In any case, happy endings aren’t totally the point for Jane—her best work is not in the end (delightful though it may be), but in the means. She’s an observer and a cataloguer of love and its power to change people, and happy endings provide some security for that study—a safe place from which to examine the psychology of love. (She could, of course, have written about the psychology of sorrow instead—of loss and permanent loneliness. After all, Jane herself never married. But would this have shown more depth than a consistent observation of success in love? Doubtful; also, far less fun to read.) If Jane’s heroines don’t end up with the “right” guy, the entire tone of her work–of all her works, collectively—changes; if Anne, for example, finally recovers from her original attachment to Wentworth and learns to love herself for the capable and independent woman she is, then it’s not a study in love and strength of character anymore. It’s a coming-of-age story. If Mr. Knightley moves on, unable to handle Emma’s consistent brattery, that‘s a cautionary tale, not a meditation on love and personal change. They might be fine stories, and they might appeal to our modern sense that everything shouldn’t wrap up so neatly, but they lack the basic frame for observing the human heart, as Jane does.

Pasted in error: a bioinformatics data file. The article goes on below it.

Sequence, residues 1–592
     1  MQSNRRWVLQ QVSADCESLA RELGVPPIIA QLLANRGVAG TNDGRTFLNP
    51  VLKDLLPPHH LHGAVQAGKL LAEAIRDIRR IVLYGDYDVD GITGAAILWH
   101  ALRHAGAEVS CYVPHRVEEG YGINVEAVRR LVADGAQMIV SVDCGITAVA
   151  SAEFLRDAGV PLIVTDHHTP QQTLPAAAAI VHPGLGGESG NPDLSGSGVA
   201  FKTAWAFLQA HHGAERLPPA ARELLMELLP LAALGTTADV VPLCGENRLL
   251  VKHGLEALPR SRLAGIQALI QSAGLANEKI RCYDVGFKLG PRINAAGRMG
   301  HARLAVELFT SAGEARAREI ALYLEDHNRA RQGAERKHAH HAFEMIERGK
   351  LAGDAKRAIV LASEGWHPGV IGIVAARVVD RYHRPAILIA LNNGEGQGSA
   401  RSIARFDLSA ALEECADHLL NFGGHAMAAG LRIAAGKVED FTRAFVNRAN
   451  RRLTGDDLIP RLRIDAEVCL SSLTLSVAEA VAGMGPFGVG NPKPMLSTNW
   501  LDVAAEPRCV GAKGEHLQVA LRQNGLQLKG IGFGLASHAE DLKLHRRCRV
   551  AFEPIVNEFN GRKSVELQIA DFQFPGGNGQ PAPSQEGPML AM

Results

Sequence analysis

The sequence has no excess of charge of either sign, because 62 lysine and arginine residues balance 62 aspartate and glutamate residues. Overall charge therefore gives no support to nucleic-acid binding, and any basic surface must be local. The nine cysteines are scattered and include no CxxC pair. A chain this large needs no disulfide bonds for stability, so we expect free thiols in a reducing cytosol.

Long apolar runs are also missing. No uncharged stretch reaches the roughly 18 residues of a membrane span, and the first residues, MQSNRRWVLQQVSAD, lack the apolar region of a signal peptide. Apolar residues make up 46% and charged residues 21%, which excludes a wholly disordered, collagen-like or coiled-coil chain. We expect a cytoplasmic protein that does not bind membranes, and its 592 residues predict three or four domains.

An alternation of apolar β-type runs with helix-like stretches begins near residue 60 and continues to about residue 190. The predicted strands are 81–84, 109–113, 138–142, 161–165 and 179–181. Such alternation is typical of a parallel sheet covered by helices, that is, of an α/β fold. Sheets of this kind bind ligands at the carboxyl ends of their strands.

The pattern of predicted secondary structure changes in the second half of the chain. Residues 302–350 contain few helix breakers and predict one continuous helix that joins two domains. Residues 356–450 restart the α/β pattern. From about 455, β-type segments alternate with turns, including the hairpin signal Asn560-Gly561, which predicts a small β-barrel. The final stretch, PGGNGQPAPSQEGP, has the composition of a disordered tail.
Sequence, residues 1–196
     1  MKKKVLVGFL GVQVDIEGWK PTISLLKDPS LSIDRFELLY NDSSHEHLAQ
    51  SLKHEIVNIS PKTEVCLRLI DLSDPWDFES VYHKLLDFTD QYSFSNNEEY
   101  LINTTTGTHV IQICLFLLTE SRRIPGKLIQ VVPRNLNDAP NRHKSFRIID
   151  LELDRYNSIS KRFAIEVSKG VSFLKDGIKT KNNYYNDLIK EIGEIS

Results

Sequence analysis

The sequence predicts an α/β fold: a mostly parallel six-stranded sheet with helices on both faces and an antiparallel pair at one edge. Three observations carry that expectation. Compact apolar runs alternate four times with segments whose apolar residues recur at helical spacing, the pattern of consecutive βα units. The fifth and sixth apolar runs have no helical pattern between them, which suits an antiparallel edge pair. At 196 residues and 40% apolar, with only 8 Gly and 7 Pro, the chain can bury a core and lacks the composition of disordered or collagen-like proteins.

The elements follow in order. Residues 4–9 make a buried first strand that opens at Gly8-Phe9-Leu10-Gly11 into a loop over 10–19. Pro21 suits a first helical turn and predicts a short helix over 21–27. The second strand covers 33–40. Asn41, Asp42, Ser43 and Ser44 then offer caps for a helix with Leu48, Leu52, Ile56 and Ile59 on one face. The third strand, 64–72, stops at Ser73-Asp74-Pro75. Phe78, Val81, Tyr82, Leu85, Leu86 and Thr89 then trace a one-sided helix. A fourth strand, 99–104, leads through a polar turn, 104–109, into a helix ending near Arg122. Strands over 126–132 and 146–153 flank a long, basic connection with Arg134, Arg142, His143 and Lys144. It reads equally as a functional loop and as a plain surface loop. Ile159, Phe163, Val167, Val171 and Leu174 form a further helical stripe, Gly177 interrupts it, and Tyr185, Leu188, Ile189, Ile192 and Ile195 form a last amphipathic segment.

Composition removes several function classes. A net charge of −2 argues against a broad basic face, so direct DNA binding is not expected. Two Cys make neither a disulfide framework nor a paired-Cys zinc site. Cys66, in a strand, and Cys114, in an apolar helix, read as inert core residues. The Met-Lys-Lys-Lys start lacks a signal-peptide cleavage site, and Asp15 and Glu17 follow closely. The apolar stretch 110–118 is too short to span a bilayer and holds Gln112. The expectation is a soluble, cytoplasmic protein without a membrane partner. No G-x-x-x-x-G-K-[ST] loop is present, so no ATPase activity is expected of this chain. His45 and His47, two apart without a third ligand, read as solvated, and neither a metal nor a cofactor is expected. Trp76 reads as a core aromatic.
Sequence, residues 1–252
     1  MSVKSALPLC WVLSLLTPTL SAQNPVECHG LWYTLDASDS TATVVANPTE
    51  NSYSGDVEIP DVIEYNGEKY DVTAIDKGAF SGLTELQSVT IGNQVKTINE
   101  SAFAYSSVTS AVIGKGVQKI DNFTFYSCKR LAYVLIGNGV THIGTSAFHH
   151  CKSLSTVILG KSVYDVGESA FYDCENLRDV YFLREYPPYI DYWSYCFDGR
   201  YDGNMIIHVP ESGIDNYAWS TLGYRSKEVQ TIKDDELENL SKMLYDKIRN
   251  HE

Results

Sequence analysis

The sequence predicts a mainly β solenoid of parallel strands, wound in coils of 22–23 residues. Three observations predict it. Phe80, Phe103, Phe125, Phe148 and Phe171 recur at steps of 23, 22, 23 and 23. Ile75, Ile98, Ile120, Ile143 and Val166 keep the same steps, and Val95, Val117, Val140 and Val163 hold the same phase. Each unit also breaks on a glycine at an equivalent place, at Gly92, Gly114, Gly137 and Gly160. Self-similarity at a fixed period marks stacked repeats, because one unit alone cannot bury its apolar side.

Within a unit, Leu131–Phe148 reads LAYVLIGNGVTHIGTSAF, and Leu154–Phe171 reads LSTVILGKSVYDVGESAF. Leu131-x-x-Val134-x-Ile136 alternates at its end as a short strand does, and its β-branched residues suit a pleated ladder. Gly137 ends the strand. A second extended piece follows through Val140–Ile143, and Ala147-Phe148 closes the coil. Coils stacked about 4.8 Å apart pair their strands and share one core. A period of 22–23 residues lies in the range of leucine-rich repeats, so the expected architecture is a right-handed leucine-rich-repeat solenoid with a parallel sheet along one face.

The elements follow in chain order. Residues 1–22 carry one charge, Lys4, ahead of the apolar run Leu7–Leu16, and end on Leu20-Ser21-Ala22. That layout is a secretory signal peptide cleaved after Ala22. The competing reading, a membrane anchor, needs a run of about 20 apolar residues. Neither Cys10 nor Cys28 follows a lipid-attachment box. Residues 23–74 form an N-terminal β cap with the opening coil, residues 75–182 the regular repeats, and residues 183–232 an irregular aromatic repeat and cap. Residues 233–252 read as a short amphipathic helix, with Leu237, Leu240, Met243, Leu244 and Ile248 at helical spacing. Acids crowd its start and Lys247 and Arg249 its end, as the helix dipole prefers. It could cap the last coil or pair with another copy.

Now, if you’ll excuse me…I’m going to go read the end of Pride and Prejudice, just to make myself feel better.